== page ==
I see it a lot online (not here of course). People who debate characters like they know what they are talking about when in actuality they haven’t read the comic or even read the pages to know exactly what they are debating. And this stuff bleeds into movies/show discussions because those people tend to be very vocal online. There are also websites that propagate comic book misinformation like CBR and I wouldn’t be surprised if there were a lot of people who get their information solely from there.
I am still fairly new to comics in general. Batman is a hot topic in a lot of discussions because of certain feats and how popular he is. With some of the stuff I’ve heard online, his character seemed very goofy and outlandish. It wasn’t until I started reading batman months ago that I realized the amount of misinformation out there.
I feel this thread so much, I felt this way not too long ago. I got into Batman because I was forced to watch the 1989 movie and instantly I fell in love with it, and this was around the time Batman vs. Superman came out. During that time, I hadn’t read any of the comics myself but I was trying to watch all of the movies first in order to get a good foundation, but when BvS came out, people would try to tell me that it wasn’t a good choice to side with Batman when those debates would come up, because those people back then were the general public who saw “Superman has super powers, therefore he wins”, even though I knew at the time that not everything in comics and the superhero genre worked that way. I vividly remember someone saying “What’s Batman gonna do, throw a batarang at 'em” when I mentioned how excited I was to go see the movie when it came out, and not gonna lie, it kinda hurt.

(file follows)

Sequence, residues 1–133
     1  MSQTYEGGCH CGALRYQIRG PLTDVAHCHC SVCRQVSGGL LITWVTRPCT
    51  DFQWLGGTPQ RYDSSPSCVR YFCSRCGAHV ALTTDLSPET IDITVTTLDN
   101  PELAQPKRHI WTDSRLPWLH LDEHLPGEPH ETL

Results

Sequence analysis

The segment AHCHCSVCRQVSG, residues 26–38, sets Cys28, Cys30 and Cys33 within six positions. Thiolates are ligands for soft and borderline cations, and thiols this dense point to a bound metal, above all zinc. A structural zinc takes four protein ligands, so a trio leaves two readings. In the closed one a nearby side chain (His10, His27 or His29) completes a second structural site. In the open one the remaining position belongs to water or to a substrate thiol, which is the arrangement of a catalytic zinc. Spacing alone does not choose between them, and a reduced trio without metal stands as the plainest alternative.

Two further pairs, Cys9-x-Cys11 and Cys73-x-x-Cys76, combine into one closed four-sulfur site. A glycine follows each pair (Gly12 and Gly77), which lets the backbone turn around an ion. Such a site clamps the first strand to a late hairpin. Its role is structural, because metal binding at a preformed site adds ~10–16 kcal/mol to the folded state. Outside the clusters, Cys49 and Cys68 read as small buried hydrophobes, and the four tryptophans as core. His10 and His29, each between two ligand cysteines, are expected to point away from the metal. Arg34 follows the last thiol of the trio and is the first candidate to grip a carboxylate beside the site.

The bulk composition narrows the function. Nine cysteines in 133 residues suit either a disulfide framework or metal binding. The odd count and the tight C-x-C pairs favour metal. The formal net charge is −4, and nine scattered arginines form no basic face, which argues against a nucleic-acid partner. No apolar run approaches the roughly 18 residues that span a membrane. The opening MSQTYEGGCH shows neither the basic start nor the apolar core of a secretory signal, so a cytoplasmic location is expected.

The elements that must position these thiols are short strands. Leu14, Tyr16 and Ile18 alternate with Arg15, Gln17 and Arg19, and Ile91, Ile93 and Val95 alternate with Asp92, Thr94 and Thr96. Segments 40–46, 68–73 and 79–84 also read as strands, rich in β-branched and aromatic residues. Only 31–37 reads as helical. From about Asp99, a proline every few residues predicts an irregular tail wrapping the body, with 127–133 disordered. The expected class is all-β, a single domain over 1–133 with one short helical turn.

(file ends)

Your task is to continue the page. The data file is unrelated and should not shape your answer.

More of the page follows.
Then I started reading comics, and I quickly learned that there is a fine line between comic readers and the general public who only associate the characters with their on-screen adaptations. Not only that, but depending on the person, some people will only associate a character based on which specific version. For example, for the longest time my mom only associated Robin with Burt Ward’s version from the Adam West show, and it took a really hard time to explain how far the character of Robin has come (I was actually terrified to show her Red Hood because I felt like she wouldn’t understand). Those people think that the comics work the same way, even though they don’t. It’s actually why I don’t tell people I don’t know very well that I like comics, because then they’ll start asking me questions but won’t actually listen to me, because I know how hard it is to try to explain certain things or provide context to things that look “weird” to the general public (like how Peacekeeper hasn’t had a much needed costume update). It’s really hard to teach people when they aren’t willing to listen, and this is where being a fan can be exhausting.
Sorry if this was long and all over the place, the TL;DR is that it’s just ignorance from a whole lot of people. I didn’t even discuss how there are some people that only read certain comics but still act like they know everything else. That’s a discussion for another day.
Interesting. There are indeed a lot of people who think Batman is only a ‘street-level’ character for a lack of better words. In my post, I was more so talking about the people who know of the greater feats but they don’t know the context of those feats which can completely charge the arguments being made. You can only really get that context from reading the comics. I think during the time of BvS there was one side that was saying what you mentioned and the other saying what I mentioned.
Also I hella relate to not wanting to explain stuff to people. You are right. They really don’t want to listen. I’ve experienced the type of people you mentioned. There are also people who pride themselves on knowing a lot of information about the movies and shows. and once you tell them or even hint that you read some comics they don’t want to hear any more out of you. it’s weird.